Gina Haspel is a consummate professional who has served the U.S. intelligence community with distinction for more than 30 years.
As the Trump administration’s nominee to head up the Central Intelligence Agency, Haspel has received endorsements from six former CIA directors, three former directors of national intelligence, and two former secretaries of state. It would be hard to find someone with more experience to run the CIA.
And that’s why she’s a terrible choice.
I’m not just talking about her involvement in the torture policy of the George W. Bush administration. I’m talking about her 33 years of quiet service to the Agency.
The CIA needs a Scott Pruitt or a Ben Carson. It needs someone who is dead set against the very nature of the organization, just as Scott Pruitt is anti-environment and Ben Carson could care less about housing and urban development (at least for the people who need it most).
Gina Haspel is just the type of status-quo choice that Donald Trump promised not to make. She’s not a swamp-drainer.
In policy terms, the Trump administration has approached North Korea largely the same way the Obama administration has – with a heavy reliance on sanctions, appeals to China, and occasional threats.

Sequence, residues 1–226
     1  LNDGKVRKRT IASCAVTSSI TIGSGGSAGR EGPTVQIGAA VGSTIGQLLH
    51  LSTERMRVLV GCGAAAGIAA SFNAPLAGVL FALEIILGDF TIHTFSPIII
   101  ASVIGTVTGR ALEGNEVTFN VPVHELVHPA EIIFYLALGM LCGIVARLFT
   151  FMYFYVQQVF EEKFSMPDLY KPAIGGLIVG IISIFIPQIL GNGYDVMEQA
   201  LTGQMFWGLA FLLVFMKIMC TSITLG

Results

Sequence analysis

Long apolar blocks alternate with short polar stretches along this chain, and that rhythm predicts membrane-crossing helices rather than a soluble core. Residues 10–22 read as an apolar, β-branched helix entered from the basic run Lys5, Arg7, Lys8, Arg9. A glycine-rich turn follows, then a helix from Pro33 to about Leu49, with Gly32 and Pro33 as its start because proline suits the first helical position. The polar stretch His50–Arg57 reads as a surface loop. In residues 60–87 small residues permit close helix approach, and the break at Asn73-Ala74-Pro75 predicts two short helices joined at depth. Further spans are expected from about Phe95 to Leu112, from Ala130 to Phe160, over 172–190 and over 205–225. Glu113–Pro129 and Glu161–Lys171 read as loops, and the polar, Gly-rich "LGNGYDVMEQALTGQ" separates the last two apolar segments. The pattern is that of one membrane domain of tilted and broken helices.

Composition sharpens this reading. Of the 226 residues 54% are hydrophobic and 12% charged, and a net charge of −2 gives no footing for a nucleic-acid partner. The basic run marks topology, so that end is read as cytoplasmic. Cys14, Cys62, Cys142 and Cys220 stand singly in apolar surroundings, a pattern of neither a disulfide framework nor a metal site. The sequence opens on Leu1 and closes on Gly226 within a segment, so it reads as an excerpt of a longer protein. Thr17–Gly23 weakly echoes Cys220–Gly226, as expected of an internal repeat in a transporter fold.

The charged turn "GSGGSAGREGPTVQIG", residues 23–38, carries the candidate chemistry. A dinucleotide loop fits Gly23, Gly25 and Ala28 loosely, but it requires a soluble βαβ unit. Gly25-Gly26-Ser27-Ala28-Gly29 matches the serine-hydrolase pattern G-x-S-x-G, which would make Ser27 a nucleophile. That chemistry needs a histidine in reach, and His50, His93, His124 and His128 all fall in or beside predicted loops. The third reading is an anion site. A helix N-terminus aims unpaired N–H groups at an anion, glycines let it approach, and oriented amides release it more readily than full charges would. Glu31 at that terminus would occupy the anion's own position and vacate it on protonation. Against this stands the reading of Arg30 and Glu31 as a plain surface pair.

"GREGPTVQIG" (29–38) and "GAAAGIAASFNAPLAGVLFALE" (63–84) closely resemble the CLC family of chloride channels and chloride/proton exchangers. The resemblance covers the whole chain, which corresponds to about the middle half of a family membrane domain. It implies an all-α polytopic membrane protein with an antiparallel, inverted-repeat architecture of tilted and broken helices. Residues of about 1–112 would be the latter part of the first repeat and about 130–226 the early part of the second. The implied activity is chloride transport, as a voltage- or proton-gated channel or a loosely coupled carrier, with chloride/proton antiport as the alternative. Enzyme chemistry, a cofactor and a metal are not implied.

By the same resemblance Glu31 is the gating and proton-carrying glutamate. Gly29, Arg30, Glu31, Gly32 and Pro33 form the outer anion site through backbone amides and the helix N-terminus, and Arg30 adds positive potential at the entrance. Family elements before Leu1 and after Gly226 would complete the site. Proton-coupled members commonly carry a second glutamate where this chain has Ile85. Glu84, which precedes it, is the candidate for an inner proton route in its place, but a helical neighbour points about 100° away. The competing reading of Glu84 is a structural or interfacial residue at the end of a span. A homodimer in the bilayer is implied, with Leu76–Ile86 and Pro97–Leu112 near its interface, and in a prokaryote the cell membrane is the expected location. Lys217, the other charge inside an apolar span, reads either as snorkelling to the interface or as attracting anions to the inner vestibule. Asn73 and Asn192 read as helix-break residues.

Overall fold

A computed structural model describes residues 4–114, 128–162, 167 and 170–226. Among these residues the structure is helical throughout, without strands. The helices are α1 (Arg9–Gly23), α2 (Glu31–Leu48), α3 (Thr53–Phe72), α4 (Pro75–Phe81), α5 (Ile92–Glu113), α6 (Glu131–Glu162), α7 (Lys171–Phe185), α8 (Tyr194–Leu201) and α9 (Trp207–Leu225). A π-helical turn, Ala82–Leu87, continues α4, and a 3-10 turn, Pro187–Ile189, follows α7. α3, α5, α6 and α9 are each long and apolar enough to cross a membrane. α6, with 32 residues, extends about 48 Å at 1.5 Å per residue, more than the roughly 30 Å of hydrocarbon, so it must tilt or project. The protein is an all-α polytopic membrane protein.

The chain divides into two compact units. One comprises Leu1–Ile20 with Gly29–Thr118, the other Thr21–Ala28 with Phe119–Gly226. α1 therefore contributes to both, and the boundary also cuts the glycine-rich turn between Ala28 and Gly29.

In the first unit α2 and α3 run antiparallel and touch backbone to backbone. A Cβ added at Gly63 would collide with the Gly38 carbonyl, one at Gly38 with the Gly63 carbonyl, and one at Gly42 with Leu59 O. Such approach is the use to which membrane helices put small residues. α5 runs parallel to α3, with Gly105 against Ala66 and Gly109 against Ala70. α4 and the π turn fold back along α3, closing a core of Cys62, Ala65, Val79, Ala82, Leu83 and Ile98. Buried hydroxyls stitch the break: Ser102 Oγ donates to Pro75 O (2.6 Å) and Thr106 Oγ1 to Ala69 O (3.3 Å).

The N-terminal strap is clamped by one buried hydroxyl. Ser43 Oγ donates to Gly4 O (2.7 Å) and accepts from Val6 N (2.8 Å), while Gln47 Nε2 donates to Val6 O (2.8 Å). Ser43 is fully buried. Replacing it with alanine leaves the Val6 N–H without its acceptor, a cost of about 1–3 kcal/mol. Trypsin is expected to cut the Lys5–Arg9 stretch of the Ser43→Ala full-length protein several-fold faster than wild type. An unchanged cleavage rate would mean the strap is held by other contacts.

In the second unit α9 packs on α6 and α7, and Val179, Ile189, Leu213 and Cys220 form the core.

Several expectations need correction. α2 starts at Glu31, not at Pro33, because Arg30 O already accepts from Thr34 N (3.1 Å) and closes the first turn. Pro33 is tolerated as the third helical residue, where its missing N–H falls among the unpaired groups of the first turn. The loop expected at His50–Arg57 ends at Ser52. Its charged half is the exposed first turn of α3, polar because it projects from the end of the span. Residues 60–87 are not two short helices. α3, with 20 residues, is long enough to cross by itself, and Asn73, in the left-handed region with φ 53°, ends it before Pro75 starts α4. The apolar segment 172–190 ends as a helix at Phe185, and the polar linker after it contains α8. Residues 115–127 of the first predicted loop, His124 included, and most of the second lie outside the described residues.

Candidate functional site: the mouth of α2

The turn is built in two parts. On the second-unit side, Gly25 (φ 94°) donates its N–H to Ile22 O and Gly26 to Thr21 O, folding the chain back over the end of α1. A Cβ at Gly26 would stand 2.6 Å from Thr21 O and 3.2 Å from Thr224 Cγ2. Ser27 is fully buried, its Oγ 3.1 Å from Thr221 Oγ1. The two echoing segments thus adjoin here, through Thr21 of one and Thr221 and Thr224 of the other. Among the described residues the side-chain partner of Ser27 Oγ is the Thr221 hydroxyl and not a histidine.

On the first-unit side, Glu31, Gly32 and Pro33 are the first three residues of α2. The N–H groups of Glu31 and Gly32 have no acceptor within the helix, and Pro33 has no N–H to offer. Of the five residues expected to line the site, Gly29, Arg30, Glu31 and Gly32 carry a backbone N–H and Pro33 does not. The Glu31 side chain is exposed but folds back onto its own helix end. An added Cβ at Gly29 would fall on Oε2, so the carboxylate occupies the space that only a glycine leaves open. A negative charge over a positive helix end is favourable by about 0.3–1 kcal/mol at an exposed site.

As John Feffer explains in this short video, the primary difference is that Trump’s threats have been far more alarming, raising concerns in South Korea and beyond that war is a real possibility, despite the fact that experts universally regard it as the worst possible option. These threats are especially dangerous on a peninsula where U.S. wartime actions left an indelible impression on both sides of the DMZ.
There remains, however, a diplomatic alternative, which the Obama administration never seriously pursued. Can Trump change course?